• Submitted by miki polumbaum on 03/23/2016 - 10:15 am.

      It’s not just simply a matter of shopping.

      Physically preventing or trying to prevent people from going into places of business, or making people super-late for work, appointments, etc., and causing ambulances to be diverted, so that patients being transported to hospitals end up either dying or getting 2nd-rate medical care at not such good hospitals as a consequence is totally out of line, imho. During anti-war demonstrations, and the Civil Rights Movement, the organizers of demonstrations/protests made the demonstrators move aside to let ambulances and other emergency vehicles go through. This isn’t happening with the BLM movement, and, imho, it doesn’t speak well for them as a movement, imho.

      Moreover, blocking freeways with extremely fast-moving vehicular traffic on them is extremely dangerous and irresponsible, for the protestors and commuters alike.

      I also might add that one cannot automatically assume that everybody who’s commuting is going about “business as usual”. Suppose one has to take his/her sick or injured pet to the veterinarian on an emergency basis? Time is of the essence in such a thing. The same thing goes for an important medical appointment, such as Chemo treatment, etc.,

  10. Submitted by Hiram Foster on 01/07/2016 - 08:28 am.

    Hearing of grievances

    BLM is confrontational because that’s they only way they’re going to get their grievances heard.

    But are their grievances getting heard? Or is the story being heard one about inconveniencing shoppers, drivers and state fair goers?

  11. Submitted by Paul Udstrand on 01/07/2016 - 09:39 am.


    No successful movement ever makes real progress until it moves beyond the mere expression of grievance and demands specific policy changes.

    I don’t see how converting the MOA into public property will in any way reduce police violence against people of color. Nor do I see MOA’s prohibitions on political demonstrations as an example of racial segregation. Maybe publicly subsidized malls should allow more public activity but if THAT is the primary BLM objective it’s a swing and a miss for social justice.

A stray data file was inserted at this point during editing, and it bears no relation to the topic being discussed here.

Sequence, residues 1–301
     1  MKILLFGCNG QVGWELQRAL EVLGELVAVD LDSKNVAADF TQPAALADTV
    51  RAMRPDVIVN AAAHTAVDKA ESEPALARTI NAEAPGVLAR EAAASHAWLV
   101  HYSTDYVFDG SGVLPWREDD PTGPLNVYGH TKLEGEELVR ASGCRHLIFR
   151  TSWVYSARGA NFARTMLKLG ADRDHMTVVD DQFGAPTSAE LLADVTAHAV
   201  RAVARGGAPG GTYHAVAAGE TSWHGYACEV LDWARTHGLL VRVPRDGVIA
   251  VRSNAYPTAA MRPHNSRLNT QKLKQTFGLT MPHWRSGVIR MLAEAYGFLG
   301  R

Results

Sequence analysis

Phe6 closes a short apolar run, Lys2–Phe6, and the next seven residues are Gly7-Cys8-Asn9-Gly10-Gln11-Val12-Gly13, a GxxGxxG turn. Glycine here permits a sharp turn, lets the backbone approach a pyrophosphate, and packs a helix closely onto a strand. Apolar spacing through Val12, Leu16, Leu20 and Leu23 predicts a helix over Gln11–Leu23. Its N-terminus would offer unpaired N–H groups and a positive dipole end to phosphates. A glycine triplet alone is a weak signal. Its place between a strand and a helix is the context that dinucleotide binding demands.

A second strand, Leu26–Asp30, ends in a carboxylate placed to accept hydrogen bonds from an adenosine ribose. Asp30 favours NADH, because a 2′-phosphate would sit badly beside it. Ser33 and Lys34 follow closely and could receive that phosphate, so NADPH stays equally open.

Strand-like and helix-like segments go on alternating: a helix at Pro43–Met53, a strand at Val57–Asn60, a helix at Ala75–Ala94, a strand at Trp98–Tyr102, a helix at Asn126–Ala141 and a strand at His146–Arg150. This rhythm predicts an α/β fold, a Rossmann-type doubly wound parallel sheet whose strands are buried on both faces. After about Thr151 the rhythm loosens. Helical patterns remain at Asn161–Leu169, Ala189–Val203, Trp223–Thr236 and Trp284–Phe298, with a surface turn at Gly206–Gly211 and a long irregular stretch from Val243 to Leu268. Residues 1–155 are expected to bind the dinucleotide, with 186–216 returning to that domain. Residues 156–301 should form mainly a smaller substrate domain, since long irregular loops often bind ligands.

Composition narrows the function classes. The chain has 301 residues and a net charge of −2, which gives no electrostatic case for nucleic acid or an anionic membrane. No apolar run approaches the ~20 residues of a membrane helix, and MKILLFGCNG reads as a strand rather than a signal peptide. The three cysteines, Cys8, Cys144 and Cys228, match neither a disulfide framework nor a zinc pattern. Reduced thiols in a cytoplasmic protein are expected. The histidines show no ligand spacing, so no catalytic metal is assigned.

So what specific demands are we left with? Justice for Jamar? Beyond an thorough investigation what does that actually mean? Tear down the 4th precinct? Stop using Grand Juries?

    Someone needs to do the intellectual work. Someone needs to produce some real policy objectives that can actually address the grievances.

    In the meantime Hiram’s question is a serious one, are these tactics provoking attention or dismissal?

    • Submitted by Dennis Tester on 01/07/2016 - 11:47 am.

      I’ve always said

      Conservatives love BLM. Every time BLM pulls another stunt, more republican voters are created.

      • Submitted by Edward Blaise on 01/07/2016 - 08:57 pm.

        And the corrorarly:

        Every time some big hatted cowboy points a gun at local, state and federal law enforcement because it just ain’t fair that they can’t do whatever they want on federal lands and pandering Republican Presidential candidates say “I support ’em!” another voter flees the Republican party.

        • Submitted by Paul Udstrand on 01/08/2016 - 09:17 am.

          Yeah but…

          Really, this is wishful thinking on Tester’s part. Nothing BLM could possibly do would ever get me voting for republicans… and I’m not atypical in that regard.

  12. Submitted by Russ Hilbert on 01/07/2016 - 11:49 am.


    The historical context in the article is revisionist at best. The only clear objectives that BLM has is preferential treatement and disruptive protests with riotous behavior.

    • Submitted by RB Holbrook on 01/08/2016 - 12:05 pm.

      “Preferential Treatment?”

      What “preferential treatment” do you mean? The right not to have routine confrontations with law enforcement end in deadly force?

      I guess there’s just no pleasing those people, is there?

      • Submitted by Russ Hilbert on 01/13/2016 - 03:30 pm.


        Little to no police involvement in criminal matters as well as a few other things. They are hard to please aren’t they? What is the rate of confrontations with law enforcement that end in deadly force in relation to the rate of instances where law enforcement are involved?

  13. Submitted by Steve Titterud on 01/08/2016 - 05:28 pm.

    The fundamental issue is a matter of life and death,

    … and so it couldn’t be more serious nor more important in the life of our community.

    However, by focusing on the Mall of America and the State Fair (as examples), I’m afraid BLM has confused the public on this basic issue. The protest at the 4th precinct police station, on the other hand, pointed directly at the issue, in my view.

    I’m inclined to agree with Hiram Foster and Paul Udstrand above – there is little room for errors in strategy in a matter so fundamentally important. The public is easily confused.

  14. Submitted by Carrie Anderson on 01/11/2016 - 11:40 am.

    Great post

    Thank you for putting this into a much needed historical perspective.